England manager Gareth Southgate has admitted being puzzled by the reception received by former Liverpool captain Jordan Henderson during the Three Lions' 1-0 friendly win over Australia on Friday.
Not only was his name jeered when read out prior to the match at a sold-out Wembley, but Henderson was also booed when he was replaced in the second half.
“I really don’t understand it,” said Southgate. “He’s a player who I think has 79 caps now for England. His commitment and what he has delivered for England is exceptional."
"I know what’s created it and I know why it has happened, but it defies logic to me that you would give a player who is playing and putting his heart and soul into playing for England… why boo him?"
A controversial move
Many football fans were surprised when the 33-year-old traded Merseyside for the Saudi Pro League in the summer, joining Steven Gerrard's Al-Ettifaq in a controversial £12-million deal.
During his time at Anfield, Henderson had been a prominent supporter of LGBTQ+ rights and, just last month, he issued an apology for any pain he might have caused by moving to a country where homosexuality is illegal.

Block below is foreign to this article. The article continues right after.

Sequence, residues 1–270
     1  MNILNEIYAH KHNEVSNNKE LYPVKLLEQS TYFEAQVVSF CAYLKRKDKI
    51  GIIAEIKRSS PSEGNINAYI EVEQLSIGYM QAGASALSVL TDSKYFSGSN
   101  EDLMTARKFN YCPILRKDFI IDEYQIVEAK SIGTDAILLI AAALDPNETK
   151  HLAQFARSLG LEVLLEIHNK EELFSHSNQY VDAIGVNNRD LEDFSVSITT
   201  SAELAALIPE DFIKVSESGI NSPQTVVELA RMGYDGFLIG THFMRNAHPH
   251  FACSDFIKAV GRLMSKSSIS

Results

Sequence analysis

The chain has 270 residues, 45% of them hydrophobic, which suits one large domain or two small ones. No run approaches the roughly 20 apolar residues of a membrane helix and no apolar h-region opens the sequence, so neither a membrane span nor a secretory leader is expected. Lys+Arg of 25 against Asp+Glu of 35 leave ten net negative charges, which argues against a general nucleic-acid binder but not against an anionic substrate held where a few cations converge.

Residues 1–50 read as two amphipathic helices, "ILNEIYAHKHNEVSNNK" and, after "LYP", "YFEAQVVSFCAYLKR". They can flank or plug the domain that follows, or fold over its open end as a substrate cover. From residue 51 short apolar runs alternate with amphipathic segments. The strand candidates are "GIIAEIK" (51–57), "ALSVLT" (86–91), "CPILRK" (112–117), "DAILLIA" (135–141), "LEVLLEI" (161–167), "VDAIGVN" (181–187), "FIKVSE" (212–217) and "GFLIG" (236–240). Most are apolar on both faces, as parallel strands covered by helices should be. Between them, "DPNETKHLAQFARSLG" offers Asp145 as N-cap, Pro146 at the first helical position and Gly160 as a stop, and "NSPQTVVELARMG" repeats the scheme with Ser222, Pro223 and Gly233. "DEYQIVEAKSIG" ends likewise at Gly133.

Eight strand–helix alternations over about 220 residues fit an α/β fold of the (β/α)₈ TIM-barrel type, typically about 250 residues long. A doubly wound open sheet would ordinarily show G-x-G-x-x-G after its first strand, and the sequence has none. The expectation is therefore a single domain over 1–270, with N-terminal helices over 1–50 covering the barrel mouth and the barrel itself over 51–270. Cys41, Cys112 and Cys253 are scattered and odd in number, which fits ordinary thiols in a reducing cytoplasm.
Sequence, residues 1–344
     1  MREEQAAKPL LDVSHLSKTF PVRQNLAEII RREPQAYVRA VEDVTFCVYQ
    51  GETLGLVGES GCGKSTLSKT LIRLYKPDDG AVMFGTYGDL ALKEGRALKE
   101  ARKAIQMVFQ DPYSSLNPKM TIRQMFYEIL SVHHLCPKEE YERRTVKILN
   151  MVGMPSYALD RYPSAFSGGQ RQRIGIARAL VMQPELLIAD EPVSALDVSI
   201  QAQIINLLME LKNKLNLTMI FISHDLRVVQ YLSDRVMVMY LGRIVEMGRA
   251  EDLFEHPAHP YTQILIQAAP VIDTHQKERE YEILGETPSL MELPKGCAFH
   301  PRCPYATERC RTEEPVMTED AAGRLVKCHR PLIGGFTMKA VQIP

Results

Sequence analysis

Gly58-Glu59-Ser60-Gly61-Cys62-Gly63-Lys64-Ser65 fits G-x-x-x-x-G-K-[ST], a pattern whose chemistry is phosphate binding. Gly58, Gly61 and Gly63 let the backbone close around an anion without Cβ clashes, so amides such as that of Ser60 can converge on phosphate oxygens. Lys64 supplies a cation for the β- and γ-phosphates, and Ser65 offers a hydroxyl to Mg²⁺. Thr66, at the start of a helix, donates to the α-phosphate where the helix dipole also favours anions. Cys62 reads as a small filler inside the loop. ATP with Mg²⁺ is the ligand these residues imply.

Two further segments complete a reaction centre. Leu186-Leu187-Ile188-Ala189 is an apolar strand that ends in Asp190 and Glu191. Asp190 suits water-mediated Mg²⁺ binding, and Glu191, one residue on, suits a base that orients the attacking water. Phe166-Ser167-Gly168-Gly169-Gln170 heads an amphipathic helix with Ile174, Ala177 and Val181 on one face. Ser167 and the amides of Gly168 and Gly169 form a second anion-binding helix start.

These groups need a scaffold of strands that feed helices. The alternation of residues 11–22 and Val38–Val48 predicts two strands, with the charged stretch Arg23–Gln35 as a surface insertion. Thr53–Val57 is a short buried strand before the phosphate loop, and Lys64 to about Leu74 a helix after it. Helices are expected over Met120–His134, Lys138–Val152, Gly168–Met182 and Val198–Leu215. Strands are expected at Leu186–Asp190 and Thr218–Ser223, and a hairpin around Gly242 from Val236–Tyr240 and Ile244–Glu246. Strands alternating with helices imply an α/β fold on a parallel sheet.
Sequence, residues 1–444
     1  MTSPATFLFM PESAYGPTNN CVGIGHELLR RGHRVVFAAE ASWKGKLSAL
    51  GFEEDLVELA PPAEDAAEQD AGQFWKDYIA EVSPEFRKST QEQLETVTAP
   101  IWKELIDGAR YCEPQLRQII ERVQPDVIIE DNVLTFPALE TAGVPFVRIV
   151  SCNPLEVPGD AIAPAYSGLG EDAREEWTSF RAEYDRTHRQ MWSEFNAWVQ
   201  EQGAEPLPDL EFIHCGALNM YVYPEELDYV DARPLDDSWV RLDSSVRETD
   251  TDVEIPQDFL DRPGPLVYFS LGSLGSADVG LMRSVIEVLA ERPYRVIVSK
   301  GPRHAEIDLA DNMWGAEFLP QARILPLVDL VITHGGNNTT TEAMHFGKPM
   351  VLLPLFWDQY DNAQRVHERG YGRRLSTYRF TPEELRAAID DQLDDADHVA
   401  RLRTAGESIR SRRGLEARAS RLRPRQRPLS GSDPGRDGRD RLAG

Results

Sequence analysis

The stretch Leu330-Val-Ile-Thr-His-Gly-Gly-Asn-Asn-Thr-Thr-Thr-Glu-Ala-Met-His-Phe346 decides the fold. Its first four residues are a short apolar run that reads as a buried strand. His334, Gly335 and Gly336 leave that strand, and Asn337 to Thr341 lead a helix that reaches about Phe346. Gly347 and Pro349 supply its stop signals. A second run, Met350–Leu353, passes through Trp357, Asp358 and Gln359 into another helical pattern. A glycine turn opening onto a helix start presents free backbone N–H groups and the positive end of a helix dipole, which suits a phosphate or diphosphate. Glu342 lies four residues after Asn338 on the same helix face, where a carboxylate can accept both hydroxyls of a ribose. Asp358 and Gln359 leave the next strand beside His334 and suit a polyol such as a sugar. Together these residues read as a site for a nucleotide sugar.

Although there was no apparent negative reaction towards him during the September matches against Ukraine and Scotland, this changed during England's first home game since he made the move.
A "tone deaf" response
Southgate questioned the attitude of the fans that booed and called on them to back the team ahead of the key Euro 2024 qualifier against Italy on Tuesday: "This is a team that are delivering a lot and they all deserve everybody’s support.”
The England boss then aimed a thinly veiled critique at those who chose not to back his selection of Henderson.
"I don’t really know where we are heading with everything," he said, before sarcastically adding: “I’m hugely impressed with the impeccable values and decisions that everybody in our country is making then."
This was perhaps an ill-advised move - one which has been widely labelled as 'tone deaf' among fans. Not only do Southgate's comments come against the backdrop of his decision not to select the in-form James Ward-Prowse, they also risk alienating a sizeable group of fans who disapprove not only of Henderson's support for a regime with a controversial approach to human rights but also what they see as a move motivated only by money.